Many a danger lurks in the world of acoustics. Volume too low or too high, static, and that high-pitch howl which can stab the kutcheri at any time, like a little spear into one ear and through the other. This is why sound engineers conduct a concert of their own in the background, to contain the noise and let the music alone flow. In spite of its retro setting, Krishna Gana Sabha has speakers placed conveniently above ground. This way, the volume carries well, without knocking the front row off their chairs. The sound quality passes muster, as Ranjani and Gayatri proved one fine evening. No instances of microphone howling at the Music Academy either.

For all its rich tradition, the Parthasarathy Sabha is subject to the limitations of a portable venue and consequently, settling in takes some time. In one 7.00 p.m. concert, Shashank the flautist kept asking the audience if the sound was too high or sharp and had repeated adjustments made to the master volume. However, during a particularly robust bit in his Shankarabharanam varnam set to ata talam, when artist and accompanists extracted extra rpm from their instruments, the front rows couldn’t help wincing.

The hours pass from right under your tapping feet. And your body gently but firmly calls for your attention, with a little rumble in your tummy, or with a sudden memory of purposeful walking and flowing water. To address the first issue, the sabha canteens have evolved in a way that has delighted sabha-goers. That deserves a spread of its own. The restroom facilities in most venues are not quite equipped for the ever-swelling numbers of the audience. It’s part of the blueprint in established auditoria, but generally, they seem to have been attached as a slightly embarrassing after thought. Perhaps the next edition of the festival will see to this aspect.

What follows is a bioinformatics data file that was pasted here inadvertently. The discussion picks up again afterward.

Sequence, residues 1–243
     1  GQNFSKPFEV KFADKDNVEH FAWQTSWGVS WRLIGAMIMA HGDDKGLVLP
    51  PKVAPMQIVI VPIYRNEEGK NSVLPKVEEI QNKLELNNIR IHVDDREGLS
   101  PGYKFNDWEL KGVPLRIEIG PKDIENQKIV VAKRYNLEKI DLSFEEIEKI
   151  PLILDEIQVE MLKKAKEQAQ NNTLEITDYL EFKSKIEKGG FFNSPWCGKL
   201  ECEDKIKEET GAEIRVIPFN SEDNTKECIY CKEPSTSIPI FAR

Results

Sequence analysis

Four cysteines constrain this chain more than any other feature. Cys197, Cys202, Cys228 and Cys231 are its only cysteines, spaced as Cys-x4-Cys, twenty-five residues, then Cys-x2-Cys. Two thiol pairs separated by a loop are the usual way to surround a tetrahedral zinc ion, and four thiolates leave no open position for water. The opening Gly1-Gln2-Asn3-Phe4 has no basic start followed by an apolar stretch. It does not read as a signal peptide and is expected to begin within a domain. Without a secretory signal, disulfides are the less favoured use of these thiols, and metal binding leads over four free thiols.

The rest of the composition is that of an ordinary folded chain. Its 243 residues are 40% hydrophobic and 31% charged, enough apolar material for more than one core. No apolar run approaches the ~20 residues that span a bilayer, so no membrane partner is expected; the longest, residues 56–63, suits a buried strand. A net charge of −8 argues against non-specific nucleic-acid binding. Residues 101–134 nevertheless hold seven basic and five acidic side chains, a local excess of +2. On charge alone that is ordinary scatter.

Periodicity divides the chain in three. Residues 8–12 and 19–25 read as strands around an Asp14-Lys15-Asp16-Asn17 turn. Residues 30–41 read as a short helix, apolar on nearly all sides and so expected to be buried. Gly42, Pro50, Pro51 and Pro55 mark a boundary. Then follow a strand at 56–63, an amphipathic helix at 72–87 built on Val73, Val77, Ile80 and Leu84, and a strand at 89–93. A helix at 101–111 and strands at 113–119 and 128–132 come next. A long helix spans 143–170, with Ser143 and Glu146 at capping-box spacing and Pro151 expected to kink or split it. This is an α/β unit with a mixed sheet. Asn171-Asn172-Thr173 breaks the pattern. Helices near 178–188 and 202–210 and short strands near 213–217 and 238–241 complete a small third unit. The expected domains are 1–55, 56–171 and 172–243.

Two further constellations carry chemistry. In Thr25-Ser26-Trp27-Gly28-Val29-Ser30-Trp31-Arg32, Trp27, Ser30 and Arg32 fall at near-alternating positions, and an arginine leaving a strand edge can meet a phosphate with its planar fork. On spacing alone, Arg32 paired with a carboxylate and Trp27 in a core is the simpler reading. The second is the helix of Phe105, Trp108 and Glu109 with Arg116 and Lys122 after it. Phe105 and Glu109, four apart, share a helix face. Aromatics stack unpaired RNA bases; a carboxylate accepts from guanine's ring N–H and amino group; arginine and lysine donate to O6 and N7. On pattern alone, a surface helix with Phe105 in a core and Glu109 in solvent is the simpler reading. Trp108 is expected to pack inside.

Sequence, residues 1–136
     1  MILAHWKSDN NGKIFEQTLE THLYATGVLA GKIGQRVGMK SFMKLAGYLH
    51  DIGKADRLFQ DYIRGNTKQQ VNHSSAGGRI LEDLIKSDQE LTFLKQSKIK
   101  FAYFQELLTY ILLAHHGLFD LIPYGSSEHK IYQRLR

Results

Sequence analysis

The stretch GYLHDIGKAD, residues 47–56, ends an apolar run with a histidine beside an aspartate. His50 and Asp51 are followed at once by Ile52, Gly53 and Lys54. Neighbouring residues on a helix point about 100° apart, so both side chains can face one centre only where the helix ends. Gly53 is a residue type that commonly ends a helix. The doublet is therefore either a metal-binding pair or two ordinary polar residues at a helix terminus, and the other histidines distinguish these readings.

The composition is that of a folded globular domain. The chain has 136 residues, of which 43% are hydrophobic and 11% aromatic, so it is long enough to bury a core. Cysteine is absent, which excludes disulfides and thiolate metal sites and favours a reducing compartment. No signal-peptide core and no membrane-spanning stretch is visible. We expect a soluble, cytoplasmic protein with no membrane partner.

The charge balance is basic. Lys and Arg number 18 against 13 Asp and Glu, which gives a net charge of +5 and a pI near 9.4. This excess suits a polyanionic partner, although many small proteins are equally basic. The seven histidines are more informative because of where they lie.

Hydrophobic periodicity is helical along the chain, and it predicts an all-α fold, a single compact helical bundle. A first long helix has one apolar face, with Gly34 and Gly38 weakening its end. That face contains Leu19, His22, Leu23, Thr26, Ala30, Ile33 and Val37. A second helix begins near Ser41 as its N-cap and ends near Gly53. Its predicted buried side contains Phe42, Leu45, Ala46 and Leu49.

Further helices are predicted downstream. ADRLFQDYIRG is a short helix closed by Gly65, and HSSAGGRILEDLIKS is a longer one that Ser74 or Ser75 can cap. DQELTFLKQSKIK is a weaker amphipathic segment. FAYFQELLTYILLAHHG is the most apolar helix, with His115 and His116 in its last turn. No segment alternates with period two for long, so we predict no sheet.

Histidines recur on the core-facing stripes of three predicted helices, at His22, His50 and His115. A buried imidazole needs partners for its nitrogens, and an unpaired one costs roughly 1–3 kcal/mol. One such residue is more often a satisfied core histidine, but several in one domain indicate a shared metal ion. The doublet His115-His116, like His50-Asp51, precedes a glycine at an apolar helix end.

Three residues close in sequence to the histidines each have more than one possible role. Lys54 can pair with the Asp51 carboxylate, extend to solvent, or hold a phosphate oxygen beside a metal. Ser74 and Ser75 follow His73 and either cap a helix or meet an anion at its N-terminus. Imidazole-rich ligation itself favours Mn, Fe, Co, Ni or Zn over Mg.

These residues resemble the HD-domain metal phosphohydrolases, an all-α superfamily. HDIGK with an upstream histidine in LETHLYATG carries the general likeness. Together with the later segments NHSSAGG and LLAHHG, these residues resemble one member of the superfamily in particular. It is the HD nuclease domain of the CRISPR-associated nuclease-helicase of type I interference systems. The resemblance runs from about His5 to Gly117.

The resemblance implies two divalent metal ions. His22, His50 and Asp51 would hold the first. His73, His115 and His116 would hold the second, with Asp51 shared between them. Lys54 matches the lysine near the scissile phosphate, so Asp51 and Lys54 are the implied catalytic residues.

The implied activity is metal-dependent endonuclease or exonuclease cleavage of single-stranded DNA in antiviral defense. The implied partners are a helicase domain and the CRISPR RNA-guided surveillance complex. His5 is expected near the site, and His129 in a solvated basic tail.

These little tweaks in the arrangements and amenities challenges popular belief that tradition is static and proves also that it evolves all the time. If it didn’t evolve, it wouldn’t last long enough to become tradition. The winter music festival has evolved constantly, and the rasika, recognised as the integral part of every sabha, is being gifted with more care and attention. Reward, perhaps, for his love of the arts which spans generations.


Anand VenkateswaranJune 19, 2012

The contribution of the Chennai saabhas to the Indian cultural itenarary is significant. The rasika gets his taste refined every year. His waistline also shows improvement. Nice article but there are many sabhas which are not mentioned here.

from:  Subbu
Posted on: Jan 1, 2011 at 07:01 IST

Mr vilvadri iyer - since the article was in an english paper had to publish the comments in the same language in the same paper.

I have brought out a reality which all of us have to face and then do something to rectify it. There is nothing hypocratical about it.

It is naive at best to use the excuse of globalization to justify sacrificing our own culture and roots - which is what all of the English speaking TAMBRAMS are doing (including myself).

from:  n s parameswaran
Posted on: Dec 29, 2010 at 08:43 IST

I wish I am wrong It appears to me that a visit to Chennai during season is more of a status symbol than real love to hear good music It is an occasion to be seen with top artists and subject of drawing room conversation for a long time later on

from:  V.Narayanaswamy
Posted on: Dec 28, 2010 at 21:09 IST